I am also a huge Explorer – the term I use to describe gamers who like to explore large, open worlds or sandboxes. Suikoden II released in 1998, and I’d played Suikoden beforhand, so I was by no means expecting it to have a living, breathing world like you’d find in The Elder Scrolls or Fallout.

Further, Suikoden II did attempt to give the player a bit of room to roam and explore. It just didn’t mix enough solid incentive for the exploration, other than a few towns or wooded areas to buy or fight for more rare runes and armor. I wouldn’t turn my nose up at Konami’s attempt here, but it’s extremely hard for me to love Suikoden II’s world when I can go get lost in a game like Crackdown, explore its city, find ability orbs and engage in fast-paced, fun combat in a fraction of the time.

Suikoden II’s combat is fast, fun and was way ahead of its time in terms of how many combatants you can bring to the party. Unfortunately, success in combat relies on all of the tedious activities I spoke about in the Builders section.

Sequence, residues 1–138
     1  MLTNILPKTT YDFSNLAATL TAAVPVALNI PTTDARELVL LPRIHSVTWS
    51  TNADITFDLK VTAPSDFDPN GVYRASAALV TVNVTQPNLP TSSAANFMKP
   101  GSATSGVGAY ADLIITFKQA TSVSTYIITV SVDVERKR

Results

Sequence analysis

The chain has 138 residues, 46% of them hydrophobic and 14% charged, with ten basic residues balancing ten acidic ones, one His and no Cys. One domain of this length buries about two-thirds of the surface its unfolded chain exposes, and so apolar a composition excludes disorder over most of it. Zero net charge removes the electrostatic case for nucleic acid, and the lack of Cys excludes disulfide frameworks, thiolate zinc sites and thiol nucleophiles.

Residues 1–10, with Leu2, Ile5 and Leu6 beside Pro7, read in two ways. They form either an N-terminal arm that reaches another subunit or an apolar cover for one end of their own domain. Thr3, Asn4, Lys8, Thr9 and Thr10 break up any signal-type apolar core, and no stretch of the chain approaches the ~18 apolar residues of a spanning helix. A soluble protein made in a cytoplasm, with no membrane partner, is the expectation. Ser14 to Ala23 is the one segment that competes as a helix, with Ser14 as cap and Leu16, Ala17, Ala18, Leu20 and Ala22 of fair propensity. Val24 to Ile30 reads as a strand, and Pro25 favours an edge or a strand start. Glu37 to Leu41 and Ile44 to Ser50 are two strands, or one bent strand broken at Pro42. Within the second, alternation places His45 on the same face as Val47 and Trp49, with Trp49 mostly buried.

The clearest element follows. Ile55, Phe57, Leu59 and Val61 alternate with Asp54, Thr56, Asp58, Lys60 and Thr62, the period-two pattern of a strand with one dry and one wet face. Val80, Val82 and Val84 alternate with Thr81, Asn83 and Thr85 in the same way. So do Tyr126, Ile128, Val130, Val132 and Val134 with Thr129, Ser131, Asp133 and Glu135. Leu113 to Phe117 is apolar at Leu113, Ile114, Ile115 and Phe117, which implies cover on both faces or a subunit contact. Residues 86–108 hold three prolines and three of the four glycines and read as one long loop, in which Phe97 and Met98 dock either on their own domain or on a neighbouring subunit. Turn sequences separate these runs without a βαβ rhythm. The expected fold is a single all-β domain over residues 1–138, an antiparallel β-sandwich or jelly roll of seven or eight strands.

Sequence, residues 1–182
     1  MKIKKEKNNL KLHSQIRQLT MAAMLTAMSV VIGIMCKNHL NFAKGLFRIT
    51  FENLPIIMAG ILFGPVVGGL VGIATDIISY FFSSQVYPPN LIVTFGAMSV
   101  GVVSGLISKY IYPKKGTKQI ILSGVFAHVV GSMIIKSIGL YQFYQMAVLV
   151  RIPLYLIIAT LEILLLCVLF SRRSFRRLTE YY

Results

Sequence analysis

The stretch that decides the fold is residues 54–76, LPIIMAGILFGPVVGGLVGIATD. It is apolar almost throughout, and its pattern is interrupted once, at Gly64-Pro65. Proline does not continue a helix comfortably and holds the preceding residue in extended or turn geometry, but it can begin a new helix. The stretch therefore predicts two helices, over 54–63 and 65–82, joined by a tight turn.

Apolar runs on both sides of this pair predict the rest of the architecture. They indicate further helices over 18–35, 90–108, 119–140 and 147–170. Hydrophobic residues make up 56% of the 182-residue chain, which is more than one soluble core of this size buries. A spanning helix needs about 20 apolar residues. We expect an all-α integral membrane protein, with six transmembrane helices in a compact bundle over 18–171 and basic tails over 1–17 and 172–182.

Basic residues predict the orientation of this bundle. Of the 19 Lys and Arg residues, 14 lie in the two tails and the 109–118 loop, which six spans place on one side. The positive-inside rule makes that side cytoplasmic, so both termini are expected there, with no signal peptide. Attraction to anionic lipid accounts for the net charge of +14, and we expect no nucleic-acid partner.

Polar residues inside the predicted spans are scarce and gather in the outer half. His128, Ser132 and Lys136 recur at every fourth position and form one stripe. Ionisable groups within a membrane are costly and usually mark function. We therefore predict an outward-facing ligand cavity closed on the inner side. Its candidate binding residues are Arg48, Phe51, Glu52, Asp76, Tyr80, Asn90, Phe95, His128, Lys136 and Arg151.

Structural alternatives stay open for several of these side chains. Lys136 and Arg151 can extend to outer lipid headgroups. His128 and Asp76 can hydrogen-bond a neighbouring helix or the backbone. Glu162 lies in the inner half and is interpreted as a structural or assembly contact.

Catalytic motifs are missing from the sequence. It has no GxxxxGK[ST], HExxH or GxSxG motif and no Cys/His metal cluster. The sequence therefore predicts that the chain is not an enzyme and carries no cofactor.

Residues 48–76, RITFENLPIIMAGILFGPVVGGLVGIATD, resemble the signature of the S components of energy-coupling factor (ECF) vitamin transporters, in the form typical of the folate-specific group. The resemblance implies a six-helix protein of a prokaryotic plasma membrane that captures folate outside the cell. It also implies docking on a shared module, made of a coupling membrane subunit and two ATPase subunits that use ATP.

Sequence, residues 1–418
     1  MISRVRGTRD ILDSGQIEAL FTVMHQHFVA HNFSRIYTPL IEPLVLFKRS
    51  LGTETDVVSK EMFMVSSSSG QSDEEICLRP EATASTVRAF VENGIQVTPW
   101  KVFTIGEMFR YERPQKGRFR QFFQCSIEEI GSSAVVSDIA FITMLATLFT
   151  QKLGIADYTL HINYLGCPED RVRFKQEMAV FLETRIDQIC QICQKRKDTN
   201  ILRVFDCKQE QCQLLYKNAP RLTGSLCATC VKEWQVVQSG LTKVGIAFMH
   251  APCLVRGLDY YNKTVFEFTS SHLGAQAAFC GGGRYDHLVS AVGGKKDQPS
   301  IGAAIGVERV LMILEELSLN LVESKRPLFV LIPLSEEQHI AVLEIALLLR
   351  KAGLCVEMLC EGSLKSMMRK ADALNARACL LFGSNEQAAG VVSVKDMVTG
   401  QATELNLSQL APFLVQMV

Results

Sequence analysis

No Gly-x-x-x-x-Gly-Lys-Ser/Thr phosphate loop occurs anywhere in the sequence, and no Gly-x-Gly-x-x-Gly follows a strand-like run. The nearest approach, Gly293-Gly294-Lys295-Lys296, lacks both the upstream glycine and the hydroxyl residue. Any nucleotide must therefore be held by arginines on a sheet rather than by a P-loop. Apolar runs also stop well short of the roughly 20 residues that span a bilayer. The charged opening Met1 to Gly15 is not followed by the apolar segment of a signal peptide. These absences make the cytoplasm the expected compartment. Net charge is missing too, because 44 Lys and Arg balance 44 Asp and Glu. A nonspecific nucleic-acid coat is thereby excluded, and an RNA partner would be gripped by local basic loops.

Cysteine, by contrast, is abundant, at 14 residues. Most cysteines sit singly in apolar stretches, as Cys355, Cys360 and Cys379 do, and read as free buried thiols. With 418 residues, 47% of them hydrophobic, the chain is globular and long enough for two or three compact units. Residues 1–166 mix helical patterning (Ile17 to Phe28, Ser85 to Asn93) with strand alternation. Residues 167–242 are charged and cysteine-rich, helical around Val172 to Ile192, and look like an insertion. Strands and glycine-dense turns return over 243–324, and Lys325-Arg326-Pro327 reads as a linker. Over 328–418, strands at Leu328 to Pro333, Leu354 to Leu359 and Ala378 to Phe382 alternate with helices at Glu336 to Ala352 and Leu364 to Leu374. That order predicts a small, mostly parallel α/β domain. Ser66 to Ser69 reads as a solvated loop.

There are essentially two types of battle:

  1. Standard turn-based battles you encounter during normal play
  2. Scripted major battles that are basically mock RTS fights, which really aren’t that enjoyable

Standard battles are mostly fun, but got old to me quickly because the game handicaps your ability to level at your leisure by significantly cutting down the amount of XP you can acquire as you level up. The major battles are scripted snooze fests that require very little, if any, real strategy.

Music is one of the major reasons I continued playing JRPGs for so many years after they ceased to be fun for me.